Except for the cantankerous old International Scout on which I learned to drive a stick shift at 15, I’ve never experienced love for a machine in my entire life. That’s definitely changing now. Road bikes look sleek and sharp. Mountain bikes are super cool and technical. I have a huge crush on my new Kona Rove. A BMX bike, however, is so much more alluring than all of those. It looks like a German Shepherd with its aggressive stance, big broad handlebars, and low-slung hips. BMX bikes dare you to ride them. My 24” Supercross Envy is a powerful beauty queen, but my 20” Chase Element is a chrome-and-black ass-kicker with teeth. That bike demands more respect from me than all the others, and also rewards me more than the rest.
Beyond the sweet bikes and inner peace, BMX has other appeal. I’ve always not-so-secretly enjoyed flying in the face of convention, and the number of women my age racing BMX is pretty small. I’ve also always enjoyed the company of women who think that way, so I’ve made a bunch of friends in the sport. Women in BMX work incredibly hard to be better racers and improve their fitness. They put it all on the line when the gate drops but high-five everyone at the end, win or lose. They yell encouragement to others from the sidelines. They volunteer endlessly, coordinate team fundraisers, make sure everyone at the track is fed and hydrated, and nurse wounded pride and wounded bodies. The youngest female BMXers are less than two years old, and the oldest, Miss Kittie Weston-Knauer, is 73. It should go without saying that women are intrinsic to the lifeblood of BMX racing.
A few years ago, Craig “Gork” Barrette, creative director at USA BMX, wrote in an article in Pull magazine:
“Okay, at the risk of offending every older ladies cruiser racer in USA BMX, I am going to admit that for me, usually watching the BMX moms out there rolling around the track can sometimes be as thrilling as watching paint dry or grass grow.”
This observation was part of a snippet of an article offering a (backhanded) compliment to 46-50 women’s cruiser rider Tina Gillis on her expert bike handling skills. Gork Barrette has been a respected figurehead in the BMX community for decades, so the comment stung many women. What Barrette splendidly failed to grasp with his clumsy description of an armchair experience is that it matters exactly as much as his opinion, which is to say not at all. Of course it’s exciting to watch the elites soar through the air and manual their way through the rhythm sections. Everybody loves a show. Ultimately, though, spectator experience is utterly irrelevant. The only thing that truly matters is the rider’s experience.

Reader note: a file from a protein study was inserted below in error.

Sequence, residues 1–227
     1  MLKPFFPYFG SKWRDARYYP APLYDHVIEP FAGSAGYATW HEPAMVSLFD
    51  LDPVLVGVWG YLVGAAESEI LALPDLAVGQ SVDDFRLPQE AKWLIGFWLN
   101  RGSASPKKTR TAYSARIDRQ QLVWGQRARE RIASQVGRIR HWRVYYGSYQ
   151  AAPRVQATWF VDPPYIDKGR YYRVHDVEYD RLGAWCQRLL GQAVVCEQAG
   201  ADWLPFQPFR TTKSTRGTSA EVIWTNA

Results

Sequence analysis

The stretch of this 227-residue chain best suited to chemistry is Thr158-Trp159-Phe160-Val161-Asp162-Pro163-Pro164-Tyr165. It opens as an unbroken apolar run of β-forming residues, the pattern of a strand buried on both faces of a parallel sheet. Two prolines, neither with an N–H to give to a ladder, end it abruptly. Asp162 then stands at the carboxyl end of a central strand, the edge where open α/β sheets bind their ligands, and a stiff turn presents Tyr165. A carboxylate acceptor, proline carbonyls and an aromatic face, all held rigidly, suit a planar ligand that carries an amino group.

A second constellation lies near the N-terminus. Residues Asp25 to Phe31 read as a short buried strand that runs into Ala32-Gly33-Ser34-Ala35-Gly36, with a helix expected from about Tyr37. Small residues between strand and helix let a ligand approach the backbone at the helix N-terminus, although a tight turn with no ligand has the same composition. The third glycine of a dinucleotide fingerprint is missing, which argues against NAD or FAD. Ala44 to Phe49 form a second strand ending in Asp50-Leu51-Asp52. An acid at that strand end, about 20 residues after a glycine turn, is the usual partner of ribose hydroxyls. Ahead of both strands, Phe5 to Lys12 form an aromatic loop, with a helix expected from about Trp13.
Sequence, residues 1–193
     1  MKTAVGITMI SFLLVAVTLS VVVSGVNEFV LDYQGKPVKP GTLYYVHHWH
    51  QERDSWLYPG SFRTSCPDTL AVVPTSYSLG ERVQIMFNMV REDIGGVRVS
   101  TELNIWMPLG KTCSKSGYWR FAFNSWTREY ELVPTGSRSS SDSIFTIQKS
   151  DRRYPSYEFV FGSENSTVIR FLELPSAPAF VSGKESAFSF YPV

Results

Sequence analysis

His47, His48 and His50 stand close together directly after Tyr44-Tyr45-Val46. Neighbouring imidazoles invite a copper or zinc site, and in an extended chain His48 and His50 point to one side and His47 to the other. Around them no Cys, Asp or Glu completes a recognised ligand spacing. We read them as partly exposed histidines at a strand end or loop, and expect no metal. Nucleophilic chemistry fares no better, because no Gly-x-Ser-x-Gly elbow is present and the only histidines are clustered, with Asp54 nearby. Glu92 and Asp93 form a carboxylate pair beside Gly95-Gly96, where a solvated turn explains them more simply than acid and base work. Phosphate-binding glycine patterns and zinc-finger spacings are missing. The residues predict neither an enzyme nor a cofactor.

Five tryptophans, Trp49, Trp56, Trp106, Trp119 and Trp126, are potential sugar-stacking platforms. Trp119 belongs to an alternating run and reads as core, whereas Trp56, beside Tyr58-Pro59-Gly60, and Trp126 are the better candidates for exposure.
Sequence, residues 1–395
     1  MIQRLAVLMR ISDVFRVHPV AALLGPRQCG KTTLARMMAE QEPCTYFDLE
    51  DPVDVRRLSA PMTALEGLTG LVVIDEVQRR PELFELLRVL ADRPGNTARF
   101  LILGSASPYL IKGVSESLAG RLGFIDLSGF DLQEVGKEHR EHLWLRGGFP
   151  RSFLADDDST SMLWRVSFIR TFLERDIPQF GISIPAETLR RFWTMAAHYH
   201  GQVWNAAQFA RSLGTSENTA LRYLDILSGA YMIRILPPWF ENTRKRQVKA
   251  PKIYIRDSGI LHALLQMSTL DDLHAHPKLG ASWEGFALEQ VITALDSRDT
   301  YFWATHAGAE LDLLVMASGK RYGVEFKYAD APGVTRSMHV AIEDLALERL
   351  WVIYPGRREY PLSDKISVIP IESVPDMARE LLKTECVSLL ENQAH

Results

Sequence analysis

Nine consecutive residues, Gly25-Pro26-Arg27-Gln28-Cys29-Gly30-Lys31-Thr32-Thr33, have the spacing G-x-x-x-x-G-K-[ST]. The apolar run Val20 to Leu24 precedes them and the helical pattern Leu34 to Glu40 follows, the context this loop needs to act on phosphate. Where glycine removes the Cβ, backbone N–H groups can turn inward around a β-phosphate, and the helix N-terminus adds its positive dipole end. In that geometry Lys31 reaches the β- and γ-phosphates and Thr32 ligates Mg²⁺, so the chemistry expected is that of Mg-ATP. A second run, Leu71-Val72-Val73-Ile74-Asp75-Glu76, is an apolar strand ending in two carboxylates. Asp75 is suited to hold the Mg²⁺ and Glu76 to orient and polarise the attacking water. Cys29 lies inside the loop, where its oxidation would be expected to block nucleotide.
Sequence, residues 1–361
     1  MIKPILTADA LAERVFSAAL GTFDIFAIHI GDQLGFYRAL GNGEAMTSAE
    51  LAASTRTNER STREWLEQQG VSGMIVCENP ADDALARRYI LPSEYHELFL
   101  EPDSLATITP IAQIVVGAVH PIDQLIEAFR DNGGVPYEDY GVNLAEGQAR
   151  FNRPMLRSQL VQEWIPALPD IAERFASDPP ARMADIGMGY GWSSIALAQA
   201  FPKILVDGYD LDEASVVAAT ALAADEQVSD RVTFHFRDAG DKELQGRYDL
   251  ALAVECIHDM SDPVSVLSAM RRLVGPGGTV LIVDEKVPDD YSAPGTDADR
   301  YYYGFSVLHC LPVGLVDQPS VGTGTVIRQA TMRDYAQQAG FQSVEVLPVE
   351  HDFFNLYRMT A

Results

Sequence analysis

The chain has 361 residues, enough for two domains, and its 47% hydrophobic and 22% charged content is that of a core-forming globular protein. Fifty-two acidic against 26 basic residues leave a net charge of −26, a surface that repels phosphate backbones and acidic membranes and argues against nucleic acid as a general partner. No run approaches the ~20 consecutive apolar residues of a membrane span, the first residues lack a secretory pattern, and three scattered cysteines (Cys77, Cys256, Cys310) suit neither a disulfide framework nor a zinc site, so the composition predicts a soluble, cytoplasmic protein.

Thanks in part to Gork’s foot-in-mouth episode, I developed my own theory of relativity: speed is relative. Risk is relative. The only thing that matters is that I think I’m flying. Jumping six inches off the ground feels like soaring six feet high to me. Railing the berm drives my heart into my throat. Gathering speed in the rhythm section to dive into the final turn is life-affirming. When you’re trying your very hardest there is no difference between a 2-year-old girl on a balance bike, my inner 6-year-old feeling the freedom of a bicycle for the first time, Olympians like Alise Willoughby and Felicia Stancil, or a 51-year-old woman. I know this because my exhilaration on my first day and the joy I feel now are one and the same. I will chase those feelings for as long as I can.
The pre-BMX comfort bunker I had built around my life insulated me from pain and risk, but also kept me from having the most vibrant and exciting experiences. BMX racing affected me most profoundly by tearing through that bunker like a tank. If I could do this seemingly impossible thing, what else could I do? I gained a tiny shred of confidence back with every lap. Every attempt at a new line or a little jump gave me back a bit of my edge. Every spectacular fail incrementally returned my courage.
My relationship to BMX is constantly evolving. I still love racing, but lately I’m keen to learn and master skills like jumping. The beauty of BMX, for me, lies in its ability to help me grow by facing fears head-on. Taking life full send, in other words, whatever that means for me personally. As a result, in the 8 years since I started racing I have done things that took serious guts. Life-altering things. These experiences, for better or worse, are fundamental to creating a better life for myself, and I truly believe they would not have been possible had I never touched foot to pedal and taken my first shaky laps around a track.